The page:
ITPRC NEWS - December 2001
The Yin and Yang of
By Irwin Lazar
From a network manager’s point of view
Wireless LANs represent two opposite extremes.
On one side is the promise of providing users with ubiquitous
access from anywhere in the office, campus or any other location with
wireless support. On the
other side are the enormous challenges of delivering sufficient
performance while also securing wireless transmissions and access to
wireless networks. In this
month’s column we’ll provide best practices for realizing the
promise of wireless LANs while avoiding the pitfalls.
Most wireless LAN concerns boil down into
the following: Interference, Security, and Mobility.
Each of these is explained in greater detail in the following
Most Wireless LANs are based on the IEEE 802.11b standard.
This standard uses the unlicensed 2.4 GHz band for all
communication. This is the
same band used by Bluetooth, cordless phones, two-way radios, and other
communications devices. But
interference in wireless LANs can also come from multiple access points
or from “hidden transmitters” (where one transmitting station is
hidden from another, resulting in a collision when both try to send to
the access point). Mitigating
interference requires careful engineering of access point placement.
An RF survey using one of several commercial tools and
applications can help pinpoint potential interference sources, as well
as confirm optimal placement of access points sufficient to insure
uninterrupted coverage throughout the location.
Enterprises may also want to consider
making the jump to 802.11a, which uses a reserved spectrum at 5 GHz and
thus is not subject to interference issues that plague 802.11b.
Keep in mind though that most public wireless services, such as
airports and libraries, use 802.11b so insuring backwards compatibility
for traveling users is a must.
To say that wireless LANs present a security risk is the mother of
all understatements. Since
it is nearly impossible to restrict radio waves from either entering or
leaving the typical enterprise location, the wireless network is
vulnerable to attack from someone sitting in the parking lot, the
building next door, or another floor within your facility.
Further complicating this issue is the vulnerability of the
default 802.11p security protocol, WEP (Wireless-Equivalency Protocol).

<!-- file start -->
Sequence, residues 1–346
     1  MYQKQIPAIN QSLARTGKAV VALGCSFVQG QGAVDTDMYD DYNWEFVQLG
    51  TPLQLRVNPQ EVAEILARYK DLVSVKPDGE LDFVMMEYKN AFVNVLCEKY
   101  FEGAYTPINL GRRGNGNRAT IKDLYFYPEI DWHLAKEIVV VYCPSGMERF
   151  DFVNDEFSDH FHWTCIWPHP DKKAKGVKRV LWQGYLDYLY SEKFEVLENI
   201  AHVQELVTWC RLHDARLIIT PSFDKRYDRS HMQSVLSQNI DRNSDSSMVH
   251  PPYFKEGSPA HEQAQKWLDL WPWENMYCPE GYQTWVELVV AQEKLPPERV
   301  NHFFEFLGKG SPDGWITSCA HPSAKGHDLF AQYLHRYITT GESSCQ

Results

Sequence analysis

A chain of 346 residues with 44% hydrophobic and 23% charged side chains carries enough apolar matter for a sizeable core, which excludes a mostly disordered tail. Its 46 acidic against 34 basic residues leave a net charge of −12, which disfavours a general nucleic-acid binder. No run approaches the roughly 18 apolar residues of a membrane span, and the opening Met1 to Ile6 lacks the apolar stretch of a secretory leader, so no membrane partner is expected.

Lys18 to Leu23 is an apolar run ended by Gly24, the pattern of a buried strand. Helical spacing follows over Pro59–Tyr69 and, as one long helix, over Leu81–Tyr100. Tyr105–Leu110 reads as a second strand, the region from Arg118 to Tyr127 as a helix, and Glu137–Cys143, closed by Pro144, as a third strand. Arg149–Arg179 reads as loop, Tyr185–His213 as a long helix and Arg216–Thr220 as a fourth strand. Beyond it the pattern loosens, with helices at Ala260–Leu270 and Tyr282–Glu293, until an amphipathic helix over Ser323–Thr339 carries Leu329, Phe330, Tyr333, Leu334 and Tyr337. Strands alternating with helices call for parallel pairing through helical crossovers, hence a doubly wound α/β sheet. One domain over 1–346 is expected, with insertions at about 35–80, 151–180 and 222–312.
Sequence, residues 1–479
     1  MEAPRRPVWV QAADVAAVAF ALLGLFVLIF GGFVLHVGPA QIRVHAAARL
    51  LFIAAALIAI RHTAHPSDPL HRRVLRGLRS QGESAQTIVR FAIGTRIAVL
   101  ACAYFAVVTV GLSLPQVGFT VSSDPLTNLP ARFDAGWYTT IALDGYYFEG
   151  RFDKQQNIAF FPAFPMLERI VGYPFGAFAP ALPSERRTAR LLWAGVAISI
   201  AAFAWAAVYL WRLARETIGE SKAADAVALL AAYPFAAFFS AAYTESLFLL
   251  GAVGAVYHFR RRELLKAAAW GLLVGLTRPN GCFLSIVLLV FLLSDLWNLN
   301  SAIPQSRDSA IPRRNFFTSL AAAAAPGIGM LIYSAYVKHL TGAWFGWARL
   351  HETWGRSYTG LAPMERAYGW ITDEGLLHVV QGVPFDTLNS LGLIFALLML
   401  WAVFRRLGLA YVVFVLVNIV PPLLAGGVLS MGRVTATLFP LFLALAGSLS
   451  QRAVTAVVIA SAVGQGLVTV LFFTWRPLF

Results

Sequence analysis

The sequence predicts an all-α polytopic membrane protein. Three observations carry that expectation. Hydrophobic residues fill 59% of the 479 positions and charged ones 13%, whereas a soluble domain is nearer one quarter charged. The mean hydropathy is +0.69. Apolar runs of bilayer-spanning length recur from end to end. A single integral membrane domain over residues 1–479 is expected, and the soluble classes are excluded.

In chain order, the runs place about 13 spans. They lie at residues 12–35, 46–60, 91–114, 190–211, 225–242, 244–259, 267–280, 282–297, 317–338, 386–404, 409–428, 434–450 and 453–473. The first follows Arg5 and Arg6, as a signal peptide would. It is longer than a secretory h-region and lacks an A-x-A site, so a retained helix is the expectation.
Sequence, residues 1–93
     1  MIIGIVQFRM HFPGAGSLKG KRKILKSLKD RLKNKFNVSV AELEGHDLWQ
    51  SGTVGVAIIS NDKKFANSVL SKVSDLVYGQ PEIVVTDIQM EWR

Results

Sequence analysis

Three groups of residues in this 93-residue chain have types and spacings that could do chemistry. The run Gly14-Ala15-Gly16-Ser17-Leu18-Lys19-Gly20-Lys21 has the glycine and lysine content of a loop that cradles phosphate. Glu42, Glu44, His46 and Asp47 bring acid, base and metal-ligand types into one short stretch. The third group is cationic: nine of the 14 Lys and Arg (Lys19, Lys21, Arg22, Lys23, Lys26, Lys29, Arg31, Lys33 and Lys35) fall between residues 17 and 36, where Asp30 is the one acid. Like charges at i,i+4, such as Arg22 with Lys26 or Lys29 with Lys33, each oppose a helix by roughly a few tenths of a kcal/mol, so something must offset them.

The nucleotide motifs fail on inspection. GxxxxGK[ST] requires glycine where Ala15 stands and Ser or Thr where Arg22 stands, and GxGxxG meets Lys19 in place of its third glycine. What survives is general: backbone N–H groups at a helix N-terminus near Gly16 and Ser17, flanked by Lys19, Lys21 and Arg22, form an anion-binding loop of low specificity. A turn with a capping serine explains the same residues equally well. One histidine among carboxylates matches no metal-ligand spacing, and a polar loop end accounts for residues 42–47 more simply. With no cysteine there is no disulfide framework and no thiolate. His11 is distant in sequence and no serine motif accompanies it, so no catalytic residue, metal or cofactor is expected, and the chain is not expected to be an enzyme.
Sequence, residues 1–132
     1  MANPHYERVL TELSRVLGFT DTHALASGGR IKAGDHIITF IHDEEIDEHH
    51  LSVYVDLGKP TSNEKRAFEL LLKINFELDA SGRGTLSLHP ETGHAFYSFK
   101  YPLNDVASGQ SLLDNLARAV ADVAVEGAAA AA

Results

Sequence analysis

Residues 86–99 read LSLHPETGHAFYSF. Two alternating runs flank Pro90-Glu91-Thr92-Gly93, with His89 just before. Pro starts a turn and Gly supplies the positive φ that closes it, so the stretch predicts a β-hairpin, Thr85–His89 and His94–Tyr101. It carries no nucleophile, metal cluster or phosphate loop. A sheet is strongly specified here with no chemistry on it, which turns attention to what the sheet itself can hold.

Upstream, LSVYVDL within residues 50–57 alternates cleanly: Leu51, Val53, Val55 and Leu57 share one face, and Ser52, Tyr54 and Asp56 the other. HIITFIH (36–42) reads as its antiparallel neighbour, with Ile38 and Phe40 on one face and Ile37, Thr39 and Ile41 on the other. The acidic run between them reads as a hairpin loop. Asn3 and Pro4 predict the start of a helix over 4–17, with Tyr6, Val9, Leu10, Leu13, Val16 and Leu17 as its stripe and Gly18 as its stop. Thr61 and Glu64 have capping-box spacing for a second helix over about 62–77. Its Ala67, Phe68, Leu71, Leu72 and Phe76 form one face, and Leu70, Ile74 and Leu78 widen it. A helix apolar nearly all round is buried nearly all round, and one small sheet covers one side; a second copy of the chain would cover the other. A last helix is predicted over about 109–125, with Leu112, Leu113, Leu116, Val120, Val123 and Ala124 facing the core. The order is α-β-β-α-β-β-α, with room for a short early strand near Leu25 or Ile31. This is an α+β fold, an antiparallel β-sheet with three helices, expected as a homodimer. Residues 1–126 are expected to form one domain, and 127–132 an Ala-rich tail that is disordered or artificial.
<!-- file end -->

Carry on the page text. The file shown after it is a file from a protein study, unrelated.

WEP provides an easily breakable key structure that can be hacked
by even a semi-skilled hacker using publicly available tools.
As several press articles have shown, many network managers
don’t even turn on WEP and instead leave their wireless network
completely vulnerable to anyone with a client device.
Securing wireless networks is a
multi-step approach designed to discourage attacks and protect valuable
network resources. At a
minimum, network managers should implement a unique network name (SSID)
and turn on WEP. For
further security, implement authentication mechanisms such as 802.1x
with Radius, MAC-address filtering, or even client-server VPNs.
In addition, the wireless LAN should be treated as a public
network and should be segmented from the corporate wired network by the
use of a firewall. In
addition, security tools should be implemented that prevent unauthorized
access points from being deployed on the wired network.
In an ideal environment, a user would be able to undock their wired
laptop, take it to another building or across the campus, or even home
or to a public wireless facility, and be able to connect to the
corporate network without any manual intervention.
Fortunately this isn’t a pipe dream.
Placing all access points in a single broadcast domain by the use
of VLANs easily provides wireless roaming on the campus. New products from companies such as NetMotion and Intel
establish a client-server relationship between the end-user device and a
corporate proxy server. These
products enable wireless users to reestablish secure connectivity with
corporate data resources provided that they have IP connectivity (which
may even be across the public Internet).
Wireless LANs offer tremendous benefits
to enterprise users. Employees
enjoy new freedom and are no longer tied to their desktop wired
connection to access corporate information resources. Even more
importantly, people can now get work done while they sit in long
meetings or conferences, but we’ll leave that issue for a future
Irwin Lazar is a Senior Consultant for Burton
Group where he focuses on
strategic planning and network architecture for Fortune 500 enterprises
as well as large service providers. He is the conference director for
MPLScon and runs The MPLS Resource Center
Information Technology Professional's Resource Center.
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